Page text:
As you may be aware the Scriptswitch decision support software has been piloted over the last six months within GP practices in East Dunbartonshire and Inverclyde CH(C)Ps. The software has been very well received by practices and prescribers with the tool proving to be extremely beneficial in terms of  patient safety issues and improving cost effectiveness. The opportunity to sign up to Scriptswitch software has now been extended out to all practices across NHSGGC. Response to the roll out has been extremely positive and board wide installations commence W/C 18th February. Benefits of ScriptSwitch ;

  • improve patient safety especially when high risk medications are prescribed
  • improve performance in GMS contract, prescribing indicators and LES schemes
  • increase Formulary compliance and aid implementation of local and national guidelines
  • support sustainability of optimal prescribing habits including  locums and GP registrars
  • raise awareness of shared care agreements and clinical responsibility
  • Alert prescribers when drugs are not available due to supply issues

For further information or to opt into the software roll out please contact the central prescribing team on 0141201 5368

Non Medical Prescribing

Conotrane® silicone barrier cream is the only proprietary barrier preparation included in the NHSGGC Formulary, and is more cost-effective than Sudocrem® or Cavilon Durable Barrier Cream.  Conotrane® can help to maintain skin integrity when included in a structured skin care programme for those patients who are incontinent (SSKINS care bundle).Based on current prices, efficiency savings of £50,000 per annum across NHS GGC can be achieved by switching Sudocrem and Cavilon Durable Barrier Cream to Conotrane®
New patients should be prescribed Conotrane® when a barrier cream is required for the prevention of incontinence dermatitis.  A review of patients who are receiving other proprietary named products should be carried out and changed when appropriate.

Supply problems

Alliance Pharmaceuticals is currently unable to supply Slow-K® Tablets 600mg (potassium chloride) due to a manufacturing delay and there is unlikely to be any stock until the end of 2013. The list of other medicine shortages for February are below.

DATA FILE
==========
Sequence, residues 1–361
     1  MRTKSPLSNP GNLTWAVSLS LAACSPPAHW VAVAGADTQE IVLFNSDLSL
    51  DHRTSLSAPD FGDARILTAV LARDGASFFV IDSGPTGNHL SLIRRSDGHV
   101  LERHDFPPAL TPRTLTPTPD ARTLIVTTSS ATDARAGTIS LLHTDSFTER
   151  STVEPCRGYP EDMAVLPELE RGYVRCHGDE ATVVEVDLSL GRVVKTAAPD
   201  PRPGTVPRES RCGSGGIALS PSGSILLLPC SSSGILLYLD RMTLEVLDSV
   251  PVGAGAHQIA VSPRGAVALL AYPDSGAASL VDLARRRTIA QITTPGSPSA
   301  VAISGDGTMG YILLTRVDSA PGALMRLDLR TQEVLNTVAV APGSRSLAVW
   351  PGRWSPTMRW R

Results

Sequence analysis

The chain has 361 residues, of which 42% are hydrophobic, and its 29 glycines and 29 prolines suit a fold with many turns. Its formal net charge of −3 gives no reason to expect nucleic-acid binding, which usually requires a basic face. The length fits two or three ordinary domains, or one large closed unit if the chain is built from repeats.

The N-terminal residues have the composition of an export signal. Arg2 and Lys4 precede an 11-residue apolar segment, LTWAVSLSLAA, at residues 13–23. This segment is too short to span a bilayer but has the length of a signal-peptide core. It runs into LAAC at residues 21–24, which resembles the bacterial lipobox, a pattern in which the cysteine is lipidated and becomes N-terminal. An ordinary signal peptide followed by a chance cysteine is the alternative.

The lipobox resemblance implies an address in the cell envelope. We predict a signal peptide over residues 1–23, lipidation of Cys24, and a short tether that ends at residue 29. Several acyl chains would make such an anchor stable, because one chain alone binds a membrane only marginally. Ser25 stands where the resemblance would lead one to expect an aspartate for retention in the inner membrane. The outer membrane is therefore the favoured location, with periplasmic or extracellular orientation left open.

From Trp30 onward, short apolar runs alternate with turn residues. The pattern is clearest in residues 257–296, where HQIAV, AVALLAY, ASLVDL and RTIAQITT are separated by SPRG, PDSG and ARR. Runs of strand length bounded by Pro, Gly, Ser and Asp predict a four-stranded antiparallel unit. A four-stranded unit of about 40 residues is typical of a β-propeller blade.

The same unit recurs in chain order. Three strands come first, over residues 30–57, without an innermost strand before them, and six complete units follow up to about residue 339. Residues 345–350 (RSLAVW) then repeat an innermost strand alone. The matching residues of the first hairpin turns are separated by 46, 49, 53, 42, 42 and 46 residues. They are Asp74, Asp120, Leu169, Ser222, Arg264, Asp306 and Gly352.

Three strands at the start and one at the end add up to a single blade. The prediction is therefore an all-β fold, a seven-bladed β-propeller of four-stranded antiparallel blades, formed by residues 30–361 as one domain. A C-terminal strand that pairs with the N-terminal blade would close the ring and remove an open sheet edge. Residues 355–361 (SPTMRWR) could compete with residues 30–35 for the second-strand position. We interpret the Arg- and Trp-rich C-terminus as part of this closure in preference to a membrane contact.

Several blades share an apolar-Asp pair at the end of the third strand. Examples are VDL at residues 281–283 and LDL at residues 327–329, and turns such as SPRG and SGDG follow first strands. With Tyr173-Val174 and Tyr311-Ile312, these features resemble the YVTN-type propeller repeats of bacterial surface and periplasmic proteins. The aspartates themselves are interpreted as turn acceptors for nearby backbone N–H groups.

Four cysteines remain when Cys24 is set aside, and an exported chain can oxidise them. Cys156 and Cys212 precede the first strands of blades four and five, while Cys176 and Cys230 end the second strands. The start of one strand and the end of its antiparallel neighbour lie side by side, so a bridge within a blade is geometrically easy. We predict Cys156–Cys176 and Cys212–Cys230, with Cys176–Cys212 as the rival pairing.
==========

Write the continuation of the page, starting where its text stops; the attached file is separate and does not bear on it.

List of Shortages  Pack size
 Isosorbide Mononitrate  tabs 20mg  56
 Temazepam tabs 10mg  28
 Temazepam tabs 20mg  28
 Trazodone caps 50mg  84
 Trazodone caps 100mg  56
 Trazodone tabs 150mg  28


What’s on soon

National open meeting for SIGN guideline on osteoporosis and prevention of fragility fractures - 8 March 2013, John McIntyre Conference Centre, 18 Holyrood Park Road, Edinburgh

Scottish Patient Safety Programme Primary Care Launch Event will be held on 14-15 March 2013, at Edinburgh Conference Centre, Heriot-Watt University, Riccarton, Edinburgh, EH14 4AS.

Stop Press: 

A £21m fund has been launched to help improve access to treatment for people with rare medical conditions. The new ‘orphan drug’ fund will cover the cost of medicines whose routine use has been rejected by the Scottish Medicines Consortium (SMC). Access to these medicines is managed through the Individual Patient Treatment Request (IPTR) process. An exception to this rule follows the recent SMC advice on ivacaftor (Kalydeco®) for the treatment of cystic fibrosis in patients age 6 years and older who have a G551D mutation in the CFTR gene (celtic gene). Ivacaftor was not recommended by SMC but special arrangements are in place, utilising the above fund, to facilitate patient access to the medicine across NHS Scotland. Full statement here